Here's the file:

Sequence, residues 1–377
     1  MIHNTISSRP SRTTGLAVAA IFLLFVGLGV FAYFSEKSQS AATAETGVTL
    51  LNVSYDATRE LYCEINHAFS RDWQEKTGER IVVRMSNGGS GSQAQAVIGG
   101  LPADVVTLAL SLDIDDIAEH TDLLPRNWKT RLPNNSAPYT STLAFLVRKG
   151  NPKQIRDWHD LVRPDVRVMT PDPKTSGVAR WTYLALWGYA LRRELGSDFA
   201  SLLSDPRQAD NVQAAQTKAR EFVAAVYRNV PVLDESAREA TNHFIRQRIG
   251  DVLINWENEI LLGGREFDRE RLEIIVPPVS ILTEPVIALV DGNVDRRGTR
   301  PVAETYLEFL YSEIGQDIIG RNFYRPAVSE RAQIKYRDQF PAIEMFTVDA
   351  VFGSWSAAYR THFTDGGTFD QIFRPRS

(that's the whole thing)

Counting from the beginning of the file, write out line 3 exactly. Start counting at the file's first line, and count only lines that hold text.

    51  LNVSYDATRE LYCEINHAFS RDWQEKTGER IVVRMSNGGS GSQAQAVIGG